This is because it goes through various processes to make it safe for human consumption, and the only way to get true, unprocessed sugar is to harvest your own.
Why Is Processed Sugar Non-Vegan?
However, processed sugar is something that is particularly reviled amongst both dietary and ethical vegans alike.
The Dyeing Process
The whiteness we associate with sugar is not its natural color, and in fact this look is achieved through processes that have been condemned by vegans.
To get the white, aesthetically pleasing color, the raw sugar is soaked in something called bone char – that is, powdered bones from dead animals.
While it is not known just how much of the bone char remains in the refined sugar once it goes on sale – the sheer presence of animal bones means that refined sugar is not suitable for vegan diets.
Is Raw Sugar Healthier?
Despite being more ethical for a vegan diet, sugar is still sugar, and it doesn’t matter whether it is processed or not.
Of course, there will still be some marginally healthier traits within the raw variant, too much of any kind of sugar can still cause numerous health issues.
Such health issues include type 2 diabetes, tooth decay, weight gain, heart disease, and obesity.
Brown Sugar & Raw Sugar: The Difference
While both forms of the sugar are brown in color, there is a world of difference between brown sugar and raw, unprocessed sugar used by vegans.
The main difference is that brown sugar is still made with white, processed sugar – instead being combined and mixed with molasses to create the distinctly brown, sweet taste of brown sugar.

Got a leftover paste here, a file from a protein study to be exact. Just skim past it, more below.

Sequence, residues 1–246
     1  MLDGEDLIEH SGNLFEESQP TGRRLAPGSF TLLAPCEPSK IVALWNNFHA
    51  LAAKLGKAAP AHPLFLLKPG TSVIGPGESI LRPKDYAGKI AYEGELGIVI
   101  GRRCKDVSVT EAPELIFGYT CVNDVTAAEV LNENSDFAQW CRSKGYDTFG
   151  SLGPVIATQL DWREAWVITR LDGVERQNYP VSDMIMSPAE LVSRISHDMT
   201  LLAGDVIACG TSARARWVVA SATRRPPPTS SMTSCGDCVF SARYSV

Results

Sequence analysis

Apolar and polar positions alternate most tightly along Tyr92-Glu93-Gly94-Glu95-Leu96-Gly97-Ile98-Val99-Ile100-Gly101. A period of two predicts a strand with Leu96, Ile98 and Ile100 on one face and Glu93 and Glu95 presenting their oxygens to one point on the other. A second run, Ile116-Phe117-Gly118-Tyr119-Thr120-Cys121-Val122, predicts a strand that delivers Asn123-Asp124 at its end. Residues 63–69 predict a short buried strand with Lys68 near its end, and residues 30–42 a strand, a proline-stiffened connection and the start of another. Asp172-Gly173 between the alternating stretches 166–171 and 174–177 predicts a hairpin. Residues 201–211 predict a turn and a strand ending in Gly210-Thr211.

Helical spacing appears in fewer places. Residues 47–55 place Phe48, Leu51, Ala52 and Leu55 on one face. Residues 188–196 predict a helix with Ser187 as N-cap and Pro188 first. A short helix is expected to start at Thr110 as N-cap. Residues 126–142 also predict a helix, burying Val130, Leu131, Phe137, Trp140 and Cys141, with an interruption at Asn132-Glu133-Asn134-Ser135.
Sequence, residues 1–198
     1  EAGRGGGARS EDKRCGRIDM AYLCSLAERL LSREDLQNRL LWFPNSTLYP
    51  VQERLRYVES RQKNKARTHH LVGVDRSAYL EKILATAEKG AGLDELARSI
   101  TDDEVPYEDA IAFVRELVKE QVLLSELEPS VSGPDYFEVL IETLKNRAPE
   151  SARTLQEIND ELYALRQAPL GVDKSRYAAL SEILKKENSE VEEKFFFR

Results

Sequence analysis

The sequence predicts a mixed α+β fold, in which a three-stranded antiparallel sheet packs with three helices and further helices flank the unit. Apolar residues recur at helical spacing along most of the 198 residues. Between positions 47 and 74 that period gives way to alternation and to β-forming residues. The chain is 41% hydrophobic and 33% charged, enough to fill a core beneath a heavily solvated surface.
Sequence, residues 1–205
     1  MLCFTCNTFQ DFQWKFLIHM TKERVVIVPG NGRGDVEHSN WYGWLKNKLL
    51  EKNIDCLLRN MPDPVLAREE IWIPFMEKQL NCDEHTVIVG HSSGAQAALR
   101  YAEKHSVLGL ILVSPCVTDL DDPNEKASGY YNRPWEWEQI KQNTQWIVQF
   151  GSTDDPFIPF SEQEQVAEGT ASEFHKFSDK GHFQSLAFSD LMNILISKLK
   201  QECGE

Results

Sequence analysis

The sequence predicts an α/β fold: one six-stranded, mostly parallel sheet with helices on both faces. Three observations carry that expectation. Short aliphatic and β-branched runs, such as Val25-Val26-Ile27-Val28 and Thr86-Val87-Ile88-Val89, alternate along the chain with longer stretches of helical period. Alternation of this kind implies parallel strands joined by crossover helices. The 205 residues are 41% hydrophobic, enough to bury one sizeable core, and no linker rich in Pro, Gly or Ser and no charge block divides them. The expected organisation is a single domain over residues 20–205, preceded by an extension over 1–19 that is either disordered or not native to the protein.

This can be a source of misunderstanding for some people, who might think that brown sugar is somehow better or healthier than its white variant.
Brown sugar can come in different shades of brown – with the deeper brown hinting at a higher molasses content, and giving a deeper taste, whereas lighter brown sugar has a lower molasses content.
And there we have it, everything you need to know about raw sugar, and whether or not it can feasibly be introduced into a vegan diet.
It’s true that veganism can be tricky, especially when it comes to sifting through the lies and finding out where your food actually comes from – not to mention how it is treated.
But with a little research and enough tenacity, you too can live the vegan lifestyle with greater ease.
- large pot
- 1 cup Raw Sugar
- 6 tbsp butter unsalted
- 1/2 cup heavy cream
- 1/2 tbsp sea salt fine
- Gather all of the ingredients and get them measured and ready.
- Using a large pot (taller is better—to reduce the risk of burning yourself. Wearing long sleeves is also recommended in case of spattering) melt the raw sugar over medium-high heat.
- Whisk infrequently until the sugar begins to melt, then continually until it is completely melted and (pretty) smooth.
- Whisk in the butter until it is creamy and blended.
- Take the pan off the heat and carefully whisk in the cream.
- Whisk in the sea salt until everything is uniformly combined and the mixture is pretty smooth. Caramel should be dark amber in hue.
- Pour the caramel sauce carefully into a heatproof container (such as a glass jar) and set aside to cool completely at room temperature (the container will be hot for awhile due to the caramel sauce, so use caution).
- Refrigerate (in an airtight container) for up to 2 weeks.